Monday, May 2, 2016


A Conversation

I thought I might start off with my most fundamental tenets about my own painting, which is the notion that they are conversations about my reality. They are conversations about being, in space and time. And as such, relative to place. We observe, and respond. Some process this in simple ways, and others in complex ways. At least that is the way it seems. I think we all react to the world in different ways, but to the same things... same fears, joys, trials, and tribulations.

My cognitive style is visual, of course, and that is the foundation of both my observations and responses to my reality. Everything gets translated into visual, and then responded with visual. I paint mostly in the representational style, which gets confused with realism. There is no time to completely make up symbols in my world, I am comfortable with common ones. The difference between representational and realism is that (in my mind) realism is trying to mimic reality visually in a way that we will all agree is document. Representation is just having an amount of recognition of objects we all encounter in order to facilitate the response. Much like conversation... That said, I can drift toward realism easily, and have to be careful... realism is too easy. See it, spit it out. Leave yourself out of it. Much harder to have a conversation than to instruct.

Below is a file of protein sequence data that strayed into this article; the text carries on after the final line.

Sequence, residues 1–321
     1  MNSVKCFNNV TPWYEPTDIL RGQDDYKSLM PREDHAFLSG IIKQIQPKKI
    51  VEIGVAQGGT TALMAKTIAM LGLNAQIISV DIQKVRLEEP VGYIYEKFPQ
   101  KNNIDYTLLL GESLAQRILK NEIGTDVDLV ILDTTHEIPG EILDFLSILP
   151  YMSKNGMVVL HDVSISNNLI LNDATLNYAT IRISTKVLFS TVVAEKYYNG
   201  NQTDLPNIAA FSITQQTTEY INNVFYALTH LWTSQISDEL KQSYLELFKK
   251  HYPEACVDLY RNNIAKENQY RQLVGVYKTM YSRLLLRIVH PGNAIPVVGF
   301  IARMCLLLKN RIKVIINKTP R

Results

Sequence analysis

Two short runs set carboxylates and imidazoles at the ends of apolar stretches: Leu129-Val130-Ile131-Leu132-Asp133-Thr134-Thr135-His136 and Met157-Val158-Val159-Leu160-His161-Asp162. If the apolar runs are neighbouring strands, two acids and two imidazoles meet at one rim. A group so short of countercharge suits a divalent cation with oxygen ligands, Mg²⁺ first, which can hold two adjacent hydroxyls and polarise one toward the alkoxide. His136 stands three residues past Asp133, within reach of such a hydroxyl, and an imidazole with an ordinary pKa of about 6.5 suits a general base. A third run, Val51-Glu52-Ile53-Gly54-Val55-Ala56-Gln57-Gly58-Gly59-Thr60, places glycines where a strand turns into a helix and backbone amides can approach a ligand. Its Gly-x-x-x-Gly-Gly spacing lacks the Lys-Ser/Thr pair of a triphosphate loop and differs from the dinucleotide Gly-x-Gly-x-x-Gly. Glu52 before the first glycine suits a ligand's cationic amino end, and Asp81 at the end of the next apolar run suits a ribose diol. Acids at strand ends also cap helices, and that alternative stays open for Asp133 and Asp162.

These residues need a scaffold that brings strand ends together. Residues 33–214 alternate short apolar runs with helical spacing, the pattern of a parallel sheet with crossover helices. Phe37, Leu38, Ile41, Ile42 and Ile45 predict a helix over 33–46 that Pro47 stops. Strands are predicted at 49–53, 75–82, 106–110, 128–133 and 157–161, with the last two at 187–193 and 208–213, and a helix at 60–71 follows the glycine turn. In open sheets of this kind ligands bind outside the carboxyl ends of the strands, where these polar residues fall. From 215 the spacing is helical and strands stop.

In the realm of conversation, realism can become tedious and boring. One can get bogged down in the details, and in the desire of realists to measure themselves by perfection. I leave that sort of detail  to photography. The most interesting conversations are not overburdened with details and facts. The best conversations contain a little fact, a little fiction, a little drama, a little about me, a little about you, a little about common experience, and a little about personal. They have some story telling, some spin, some denial, and sometimes a little entertainment, and the humble fact that they are only a perspective.

I want my painting to do the same.  In the end, I want them to be meaningful to me and for my own sake, meaningful to someone else so others responses are the yang to my yin in the exchange. I hope they listen as well as speak...


  1. I'm so glad to see you've started a blog and am looking forward to reading more from you. You are one of my favorite painters.

  2. Now I understand why I love your work so much.